Thought Leader Interview Series — with Randy Hain, Author of “Something More: the Professional’s Pursuit of a Meaningful Life”

 by Andrea Chilcote

This fall I’ll be conducting a series of interviews with thought leaders in diverse fields. This one, featuring my colleague Randy Hain, focuses on the topic of relationships and confidence.

Randy, you’re masterful at forming and nurturing relationships. What do you think are the key factors for success in this area?

RandyThank you for the compliment!  I certainly have tried throughout my career to build strong relationships.  I would suggest a pervasive lack of self-awareness and an unbalanced focus on our own needs are the biggest contributors to poorly done business relationships. On the flip side, I have long argued that authenticity, transparency and selflessness are the keys to building successful relationships.   Strong relationships must be built on trust and trust requires authenticity.  Don’t be afraid to be yourself!  I find transparency is also critical for relationships as it not only fosters trust when you are willing to be vulnerable, but it allows the other person to feel safe in responding candidly and openly as well.  Finally, if you desire to build a relationship that lasts, frequently ask:  “How can I help?”  This is a wonderful way to be selfless and pay it forward.  It also reflects a spirit of generosity.  There are certainly other factors to consider, but these three are the ones I consistently observe in helping people form and nurture relationships.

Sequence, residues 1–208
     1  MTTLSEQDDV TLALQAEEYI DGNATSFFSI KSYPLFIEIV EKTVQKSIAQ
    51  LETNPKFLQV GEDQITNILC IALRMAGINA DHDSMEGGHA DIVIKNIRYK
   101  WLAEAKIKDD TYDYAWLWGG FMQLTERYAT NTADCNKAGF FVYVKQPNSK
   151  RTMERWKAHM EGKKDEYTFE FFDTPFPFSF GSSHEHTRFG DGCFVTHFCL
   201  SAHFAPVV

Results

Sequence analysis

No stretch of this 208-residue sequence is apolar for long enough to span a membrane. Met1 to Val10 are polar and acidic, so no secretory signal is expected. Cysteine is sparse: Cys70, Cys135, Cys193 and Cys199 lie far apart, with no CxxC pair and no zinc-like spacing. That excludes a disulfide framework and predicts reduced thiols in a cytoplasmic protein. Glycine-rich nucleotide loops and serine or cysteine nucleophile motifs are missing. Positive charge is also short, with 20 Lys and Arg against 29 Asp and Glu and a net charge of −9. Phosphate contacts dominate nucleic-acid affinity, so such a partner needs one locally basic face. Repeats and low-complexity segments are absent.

Trust is of course a critical component of strong relationships. When we look beyond the obvious reasons we extend trust to someone (they keep their word, walk their talk, etc…), there are more subtle, interpersonal ways in which we convey trust. Do you have an example of a way in which you or someone you admire does this?

RandyGreat question.  I think my father has long been my role model for how to build trust.  Why?  He is one of the most humble, honest and selfless men I have ever known.  He will always tell you what he really thinks in a kind way and is always the kind of person who wants to help others.  People have always been drawn to my father because he has a well-deserved reputation for being completely trustworthy.  I frequently use him as an example for my own sons as someone they should try to emulate.  In fact, I dedicated my third book, ‘Something More: The Professional’s Pursuit of a Meaningful Life” to my father.